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After a late start because of wet conditions, the wheels are beginning to roll in getting the corn crop planted. As of last week, 4 percent of the crop was in the ground, which is on par with the average. While the Southeast is running behind, Missouri and Kansas are 14 and 10 percent ahead of their average. In other developments, the USDA projects 2015-16 ending stocks of corn at 1.862 BB, up 25 MB from March. World stocks are projected at 208.9 million tons for an increase of 1.9 million. Export inspections were a marketing year high last week at 44.1 MB. While the export pace has improved over the past few weeks, we need to ship 41.6 MB on a weekly basis to meet USDA’s projection of 1.650 BB. This seems like a tall order to fulfill.
Soybeans have been on a rampage. Concerns have risen because of wet conditions in Argentina slowing harvest and possibly reducing yields. However, two other factors come to mind as well. One is that the gain in the Brazilian Real makes Brazil’s soybeans more expensive to users, primarily China. This should swing more business to the U.S, but the pace of shipments has not picked up. Inspections last week were modest at 14.2 MB with China barely on the screen. The other factor has been fund buying. The trend following funds are sporting a long position, but it is a token one compared to the index funds. They have been on a buying spree since early March. Be aware that this could be a currency play between the dollar and Brazilian Real. During this period, they have accumulated a long position of 770 MB, the largest since July 2012. The thing to remember is that the index funds tend to rebalance the weighting of their portfolio when one commodity outpaces the others and creates excessive exposure. That happened in 2012 resulting in the index funds dumping 220 MB, which lead to a 23 percent price decline. This week the USDA cut their 2015-16 ending stocks estimate 15 MB to 445 MB, but marginally increased world stocks to 79.0 million tons.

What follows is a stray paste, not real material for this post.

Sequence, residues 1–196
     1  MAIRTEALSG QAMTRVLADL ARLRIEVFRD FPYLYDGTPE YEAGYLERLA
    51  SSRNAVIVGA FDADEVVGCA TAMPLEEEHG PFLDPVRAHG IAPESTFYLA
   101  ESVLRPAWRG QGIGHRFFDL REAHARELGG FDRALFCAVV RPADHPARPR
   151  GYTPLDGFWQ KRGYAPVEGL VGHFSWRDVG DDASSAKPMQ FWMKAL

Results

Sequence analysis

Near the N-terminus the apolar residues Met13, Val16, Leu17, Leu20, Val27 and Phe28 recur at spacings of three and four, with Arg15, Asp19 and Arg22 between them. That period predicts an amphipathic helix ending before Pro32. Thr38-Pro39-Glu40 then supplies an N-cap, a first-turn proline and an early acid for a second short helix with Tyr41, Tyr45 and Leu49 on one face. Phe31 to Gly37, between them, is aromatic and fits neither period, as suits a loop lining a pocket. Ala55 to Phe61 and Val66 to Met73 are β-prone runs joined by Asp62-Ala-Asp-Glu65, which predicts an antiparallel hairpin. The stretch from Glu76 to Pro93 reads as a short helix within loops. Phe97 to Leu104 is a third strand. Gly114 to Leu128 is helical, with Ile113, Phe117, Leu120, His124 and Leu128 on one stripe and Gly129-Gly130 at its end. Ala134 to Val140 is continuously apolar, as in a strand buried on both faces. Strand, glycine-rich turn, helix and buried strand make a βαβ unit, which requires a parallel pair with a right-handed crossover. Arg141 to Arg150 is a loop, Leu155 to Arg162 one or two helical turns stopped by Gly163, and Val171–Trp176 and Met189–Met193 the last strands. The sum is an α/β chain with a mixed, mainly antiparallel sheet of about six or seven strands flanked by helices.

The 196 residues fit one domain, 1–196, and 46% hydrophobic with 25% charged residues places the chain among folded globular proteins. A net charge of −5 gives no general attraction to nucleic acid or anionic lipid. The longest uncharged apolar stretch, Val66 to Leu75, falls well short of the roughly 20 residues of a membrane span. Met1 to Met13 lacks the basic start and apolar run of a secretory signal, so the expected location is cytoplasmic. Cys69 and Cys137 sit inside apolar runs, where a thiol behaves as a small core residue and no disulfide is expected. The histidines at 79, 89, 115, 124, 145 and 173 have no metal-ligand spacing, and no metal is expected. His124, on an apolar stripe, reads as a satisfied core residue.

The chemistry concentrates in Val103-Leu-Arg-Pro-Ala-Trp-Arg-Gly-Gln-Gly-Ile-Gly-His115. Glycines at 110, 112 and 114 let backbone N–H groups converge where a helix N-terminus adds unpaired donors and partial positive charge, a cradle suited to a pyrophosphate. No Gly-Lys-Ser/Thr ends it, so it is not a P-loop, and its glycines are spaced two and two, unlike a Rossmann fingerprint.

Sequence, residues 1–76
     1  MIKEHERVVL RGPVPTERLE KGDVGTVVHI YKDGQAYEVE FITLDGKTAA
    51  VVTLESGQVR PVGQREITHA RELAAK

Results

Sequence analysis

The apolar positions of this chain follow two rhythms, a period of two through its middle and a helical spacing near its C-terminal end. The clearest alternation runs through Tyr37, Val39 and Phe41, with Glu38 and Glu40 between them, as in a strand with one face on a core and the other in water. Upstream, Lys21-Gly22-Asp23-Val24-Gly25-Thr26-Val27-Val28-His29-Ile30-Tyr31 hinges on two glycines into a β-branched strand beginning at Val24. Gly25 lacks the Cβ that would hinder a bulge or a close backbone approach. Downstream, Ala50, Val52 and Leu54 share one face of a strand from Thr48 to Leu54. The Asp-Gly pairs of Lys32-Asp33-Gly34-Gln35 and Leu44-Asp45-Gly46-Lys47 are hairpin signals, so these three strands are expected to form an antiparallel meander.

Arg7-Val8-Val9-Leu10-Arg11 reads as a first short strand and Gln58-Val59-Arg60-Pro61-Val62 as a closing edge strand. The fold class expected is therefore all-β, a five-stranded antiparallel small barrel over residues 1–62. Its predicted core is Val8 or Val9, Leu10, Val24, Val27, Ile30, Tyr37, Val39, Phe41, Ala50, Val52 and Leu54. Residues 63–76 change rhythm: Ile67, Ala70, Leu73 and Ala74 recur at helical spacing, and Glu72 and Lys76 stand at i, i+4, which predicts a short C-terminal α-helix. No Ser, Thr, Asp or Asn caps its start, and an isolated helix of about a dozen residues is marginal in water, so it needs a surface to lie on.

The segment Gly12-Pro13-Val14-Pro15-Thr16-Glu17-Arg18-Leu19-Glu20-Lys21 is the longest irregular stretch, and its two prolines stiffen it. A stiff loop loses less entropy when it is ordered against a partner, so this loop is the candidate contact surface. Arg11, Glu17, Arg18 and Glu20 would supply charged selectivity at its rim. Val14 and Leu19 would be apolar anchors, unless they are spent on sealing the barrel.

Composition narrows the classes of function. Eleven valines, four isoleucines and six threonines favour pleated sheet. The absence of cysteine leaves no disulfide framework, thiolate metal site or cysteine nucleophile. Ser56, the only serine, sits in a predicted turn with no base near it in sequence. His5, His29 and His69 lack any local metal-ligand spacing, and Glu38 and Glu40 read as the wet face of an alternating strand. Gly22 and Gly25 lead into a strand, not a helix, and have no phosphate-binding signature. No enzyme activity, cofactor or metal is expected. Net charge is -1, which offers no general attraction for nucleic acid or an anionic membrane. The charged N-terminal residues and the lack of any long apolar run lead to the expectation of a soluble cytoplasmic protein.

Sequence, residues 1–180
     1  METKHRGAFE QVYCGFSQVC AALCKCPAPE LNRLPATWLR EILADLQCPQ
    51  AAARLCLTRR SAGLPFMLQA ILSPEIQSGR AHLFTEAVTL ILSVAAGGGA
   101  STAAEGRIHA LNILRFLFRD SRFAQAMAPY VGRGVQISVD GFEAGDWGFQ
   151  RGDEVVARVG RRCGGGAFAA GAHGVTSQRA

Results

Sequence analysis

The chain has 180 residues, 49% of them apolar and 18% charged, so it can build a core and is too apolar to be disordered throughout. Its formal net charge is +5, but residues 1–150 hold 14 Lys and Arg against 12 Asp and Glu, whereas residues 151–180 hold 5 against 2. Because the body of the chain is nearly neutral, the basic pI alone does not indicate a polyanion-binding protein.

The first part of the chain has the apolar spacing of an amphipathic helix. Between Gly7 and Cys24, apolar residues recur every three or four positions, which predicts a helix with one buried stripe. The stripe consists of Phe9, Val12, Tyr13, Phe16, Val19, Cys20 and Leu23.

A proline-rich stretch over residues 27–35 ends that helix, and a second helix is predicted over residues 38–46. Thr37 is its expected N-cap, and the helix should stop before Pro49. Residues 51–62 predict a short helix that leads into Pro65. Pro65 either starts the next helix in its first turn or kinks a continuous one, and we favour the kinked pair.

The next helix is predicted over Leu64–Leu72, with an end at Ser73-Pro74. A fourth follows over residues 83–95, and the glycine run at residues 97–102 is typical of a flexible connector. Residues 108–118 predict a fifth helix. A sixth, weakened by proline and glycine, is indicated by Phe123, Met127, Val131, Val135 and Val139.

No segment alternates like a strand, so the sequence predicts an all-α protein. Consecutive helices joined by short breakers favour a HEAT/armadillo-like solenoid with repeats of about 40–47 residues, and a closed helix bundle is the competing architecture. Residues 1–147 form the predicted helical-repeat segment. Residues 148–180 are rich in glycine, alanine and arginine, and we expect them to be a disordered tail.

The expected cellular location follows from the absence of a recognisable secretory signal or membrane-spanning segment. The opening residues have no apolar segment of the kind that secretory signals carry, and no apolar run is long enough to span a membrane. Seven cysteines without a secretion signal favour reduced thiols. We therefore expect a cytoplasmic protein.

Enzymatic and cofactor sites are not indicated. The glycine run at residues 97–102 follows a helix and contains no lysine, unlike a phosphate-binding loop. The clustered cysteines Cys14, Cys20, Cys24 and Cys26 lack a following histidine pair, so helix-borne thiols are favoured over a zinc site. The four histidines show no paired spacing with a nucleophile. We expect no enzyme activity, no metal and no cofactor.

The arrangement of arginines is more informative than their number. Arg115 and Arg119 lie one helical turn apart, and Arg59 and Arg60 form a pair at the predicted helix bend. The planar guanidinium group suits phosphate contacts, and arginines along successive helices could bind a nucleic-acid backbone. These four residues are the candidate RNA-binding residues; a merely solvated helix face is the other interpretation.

Wheat is mostly mimicking the movement in soybeans . The ratings fell 3 points last week to 56 percent of the crop in good-to-excellent condition. However, this is above last year’s rating of 42 percent. Earlier this week, the USDA increased the 2015-16 ending stocks estimate 10 MB to 976 MB. World stocks were raised 1.7 million to 239.3 million. Domestic stocks to usage are a record 50.0 percent. Export inspections were mundane at 12.4 percent and below the average of 18.0 MB needed each week to reach USDA’s projection of 775 MB. Although the dollar has been under pressure recently, the U.S. is being consistently bypassed for cheaper origin wheat.
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